Vegetable Matter in Lobster (Homarus Americanus) Diets (Decapoda, Astacidea)

Vegetable Matter in Lobster (Homarus Americanus) Diets (Decapoda, Astacidea) VEGETABLE MATTER IN LOBSTER (HOMARUS AMERICANUS) DIETS (DECAPODA, ASTACIDEA) BY MICHAEI, SYSLO and JOHN T. HUGHES State Lobster Hatchery, Vineyard Haven, Mass. 02568, U.S.A. INTRODUCTION Although researchers have for the past 25 years been trying to produce a cost effective synthetic diet for lobsters, a basic lack of knowledge of the nutritional requirement at all stages of its life cycle has hampered their efforts. With the possible future advent of commercially viable lobster facilities, this absence of a suitable diet has proven to be one of the major setbacks to their reality. Many synthetic diets have been formulated to date, but have produced a variety of problems including poor growth and/or survival, soft cxoskeletons, molting deaths and high cost. Lack of suitable binders in the diet formulation, leaching of vitamins and an inability to produce the correct consistency has been evident in most artificial diets (Conklin, Devers & Shleser, 1975). Even though a diet composed of 1 00 9lo brine shrimp (Artemia salina (L.)) has given the best growth to date and has become the standard to which all else are compared, it has proven too costly to be used on a large scale and difficult to produce http://www.deepdyve.com/assets/images/DeepDyve-Logo-lg.png Crustaceana Brill

Vegetable Matter in Lobster (Homarus Americanus) Diets (Decapoda, Astacidea)

Crustaceana, Volume 41 (1): 10 – Jan 1, 1981

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Publisher
Brill
Copyright
© 1981 Koninklijke Brill NV, Leiden, The Netherlands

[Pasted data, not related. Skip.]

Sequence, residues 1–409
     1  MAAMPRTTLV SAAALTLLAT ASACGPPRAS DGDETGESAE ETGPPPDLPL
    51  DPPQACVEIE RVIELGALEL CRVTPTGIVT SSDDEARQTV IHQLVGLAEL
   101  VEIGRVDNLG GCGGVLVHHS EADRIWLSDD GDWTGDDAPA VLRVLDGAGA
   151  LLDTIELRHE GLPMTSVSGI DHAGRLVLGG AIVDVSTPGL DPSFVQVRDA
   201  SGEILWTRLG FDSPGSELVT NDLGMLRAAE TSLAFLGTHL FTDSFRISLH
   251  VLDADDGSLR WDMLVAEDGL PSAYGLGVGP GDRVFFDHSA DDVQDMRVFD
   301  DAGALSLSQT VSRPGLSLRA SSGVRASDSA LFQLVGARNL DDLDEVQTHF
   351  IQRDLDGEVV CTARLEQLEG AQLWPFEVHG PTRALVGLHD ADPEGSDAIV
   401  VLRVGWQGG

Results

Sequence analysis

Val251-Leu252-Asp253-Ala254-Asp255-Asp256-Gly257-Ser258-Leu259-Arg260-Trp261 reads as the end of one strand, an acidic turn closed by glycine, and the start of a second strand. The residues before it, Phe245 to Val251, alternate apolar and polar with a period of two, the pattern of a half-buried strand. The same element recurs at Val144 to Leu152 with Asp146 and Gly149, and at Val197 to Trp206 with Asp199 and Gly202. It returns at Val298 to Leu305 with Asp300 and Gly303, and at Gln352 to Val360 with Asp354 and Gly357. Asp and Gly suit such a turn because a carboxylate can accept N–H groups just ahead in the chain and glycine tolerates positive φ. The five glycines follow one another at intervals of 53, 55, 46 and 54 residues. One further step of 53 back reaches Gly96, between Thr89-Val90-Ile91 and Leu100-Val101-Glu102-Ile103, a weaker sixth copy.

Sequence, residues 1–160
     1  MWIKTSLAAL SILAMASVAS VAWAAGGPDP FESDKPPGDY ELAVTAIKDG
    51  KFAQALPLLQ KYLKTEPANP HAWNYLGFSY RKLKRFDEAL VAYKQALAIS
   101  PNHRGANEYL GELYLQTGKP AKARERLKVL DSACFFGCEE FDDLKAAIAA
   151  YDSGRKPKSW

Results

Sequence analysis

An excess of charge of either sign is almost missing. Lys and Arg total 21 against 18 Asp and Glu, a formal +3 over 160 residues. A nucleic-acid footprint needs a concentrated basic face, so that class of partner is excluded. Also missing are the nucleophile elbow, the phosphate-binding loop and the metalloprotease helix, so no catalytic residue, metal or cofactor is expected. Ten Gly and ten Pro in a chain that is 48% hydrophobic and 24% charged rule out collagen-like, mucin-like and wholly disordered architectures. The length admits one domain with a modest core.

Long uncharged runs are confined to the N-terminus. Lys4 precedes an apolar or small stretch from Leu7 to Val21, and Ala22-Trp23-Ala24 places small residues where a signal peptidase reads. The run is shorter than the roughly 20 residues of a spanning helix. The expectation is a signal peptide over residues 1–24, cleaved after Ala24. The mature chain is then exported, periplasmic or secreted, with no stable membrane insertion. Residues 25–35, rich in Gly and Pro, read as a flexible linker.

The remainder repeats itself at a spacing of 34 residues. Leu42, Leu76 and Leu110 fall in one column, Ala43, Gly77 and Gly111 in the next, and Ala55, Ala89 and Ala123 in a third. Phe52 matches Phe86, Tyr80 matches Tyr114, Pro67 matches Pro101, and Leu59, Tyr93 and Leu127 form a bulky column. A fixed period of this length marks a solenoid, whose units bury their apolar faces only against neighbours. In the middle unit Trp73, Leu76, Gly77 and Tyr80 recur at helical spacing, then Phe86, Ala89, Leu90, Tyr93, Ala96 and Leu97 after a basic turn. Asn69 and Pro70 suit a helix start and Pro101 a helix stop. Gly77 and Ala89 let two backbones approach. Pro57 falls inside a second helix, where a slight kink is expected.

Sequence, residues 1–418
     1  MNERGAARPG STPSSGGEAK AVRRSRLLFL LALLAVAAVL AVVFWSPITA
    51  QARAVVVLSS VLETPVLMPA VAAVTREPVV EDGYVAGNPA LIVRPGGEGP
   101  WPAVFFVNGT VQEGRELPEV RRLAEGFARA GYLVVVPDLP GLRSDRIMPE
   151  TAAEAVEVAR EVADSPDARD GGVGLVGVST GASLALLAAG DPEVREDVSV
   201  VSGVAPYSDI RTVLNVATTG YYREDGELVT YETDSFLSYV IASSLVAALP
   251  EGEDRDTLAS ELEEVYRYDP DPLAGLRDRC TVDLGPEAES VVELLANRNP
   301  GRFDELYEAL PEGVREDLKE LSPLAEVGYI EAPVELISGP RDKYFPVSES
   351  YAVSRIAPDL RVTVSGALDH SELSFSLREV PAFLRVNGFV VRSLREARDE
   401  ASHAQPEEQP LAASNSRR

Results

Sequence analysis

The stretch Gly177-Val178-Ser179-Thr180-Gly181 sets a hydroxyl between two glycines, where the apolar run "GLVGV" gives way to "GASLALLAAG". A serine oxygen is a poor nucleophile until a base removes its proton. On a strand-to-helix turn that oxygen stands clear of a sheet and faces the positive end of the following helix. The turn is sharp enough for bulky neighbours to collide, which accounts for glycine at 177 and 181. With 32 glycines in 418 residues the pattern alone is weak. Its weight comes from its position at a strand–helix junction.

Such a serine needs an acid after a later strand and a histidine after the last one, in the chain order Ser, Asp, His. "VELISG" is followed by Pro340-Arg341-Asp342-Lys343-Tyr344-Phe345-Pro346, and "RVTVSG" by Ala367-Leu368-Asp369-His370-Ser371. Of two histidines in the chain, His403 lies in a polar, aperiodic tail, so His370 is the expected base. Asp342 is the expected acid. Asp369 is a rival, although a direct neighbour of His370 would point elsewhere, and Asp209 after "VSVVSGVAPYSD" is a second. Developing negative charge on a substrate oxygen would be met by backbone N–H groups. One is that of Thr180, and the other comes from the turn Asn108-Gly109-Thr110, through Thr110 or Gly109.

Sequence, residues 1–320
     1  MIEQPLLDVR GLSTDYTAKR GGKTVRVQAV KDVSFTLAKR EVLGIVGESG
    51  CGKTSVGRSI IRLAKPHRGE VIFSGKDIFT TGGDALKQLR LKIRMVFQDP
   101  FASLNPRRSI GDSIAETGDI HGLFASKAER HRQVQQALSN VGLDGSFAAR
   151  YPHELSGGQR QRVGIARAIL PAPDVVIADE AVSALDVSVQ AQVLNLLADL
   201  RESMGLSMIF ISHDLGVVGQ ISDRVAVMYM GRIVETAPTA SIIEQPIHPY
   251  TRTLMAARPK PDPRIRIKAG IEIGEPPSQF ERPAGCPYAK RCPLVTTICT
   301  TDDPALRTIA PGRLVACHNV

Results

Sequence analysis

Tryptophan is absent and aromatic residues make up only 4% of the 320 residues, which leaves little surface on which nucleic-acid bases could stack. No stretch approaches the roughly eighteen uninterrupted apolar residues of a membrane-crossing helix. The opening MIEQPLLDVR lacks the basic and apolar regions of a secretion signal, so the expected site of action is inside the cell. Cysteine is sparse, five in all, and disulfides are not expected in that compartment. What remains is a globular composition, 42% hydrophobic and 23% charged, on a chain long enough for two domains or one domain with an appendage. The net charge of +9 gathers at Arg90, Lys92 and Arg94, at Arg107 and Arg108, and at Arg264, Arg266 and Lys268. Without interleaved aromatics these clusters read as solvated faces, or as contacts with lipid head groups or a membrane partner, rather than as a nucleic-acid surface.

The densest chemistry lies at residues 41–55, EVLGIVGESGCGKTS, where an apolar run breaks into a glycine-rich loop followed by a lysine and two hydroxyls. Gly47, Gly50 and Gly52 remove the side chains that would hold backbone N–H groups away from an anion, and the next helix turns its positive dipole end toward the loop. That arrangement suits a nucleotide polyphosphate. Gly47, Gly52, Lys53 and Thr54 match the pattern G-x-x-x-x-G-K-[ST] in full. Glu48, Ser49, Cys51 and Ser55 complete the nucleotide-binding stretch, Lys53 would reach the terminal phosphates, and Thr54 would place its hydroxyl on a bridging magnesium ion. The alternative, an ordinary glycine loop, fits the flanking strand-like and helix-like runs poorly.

ISSN
0011-216x
eISSN
1568-5403
D.O.I.
10.1163/156854081X00020
Publisher site
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Abstract

VEGETABLE MATTER IN LOBSTER (HOMARUS AMERICANUS) DIETS (DECAPODA, ASTACIDEA) BY MICHAEI, SYSLO and JOHN T. HUGHES State Lobster Hatchery, Vineyard Haven, Mass. 02568, U.S.A. INTRODUCTION Although researchers have for the past 25 years been trying to produce a cost effective synthetic diet for lobsters, a basic lack of knowledge of the nutritional requirement at all stages of its life cycle has hampered their efforts. With the possible future advent of commercially viable lobster facilities, this absence of a suitable diet has proven to be one of the major setbacks to their reality. Many synthetic diets have been formulated to date, but have produced a variety of problems including poor growth and/or survival, soft cxoskeletons, molting deaths and high cost. Lack of suitable binders in the diet formulation, leaching of vitamins and an inability to produce the correct consistency has been evident in most artificial diets (Conklin, Devers & Shleser, 1975). Even though a diet composed of 1 00 9lo brine shrimp (Artemia salina (L.)) has given the best growth to date and has become the standard to which all else are compared, it has proven too costly to be used on a large scale and difficult to produce

Journal

CrustaceanaBrill

Published: Jan 1, 1981

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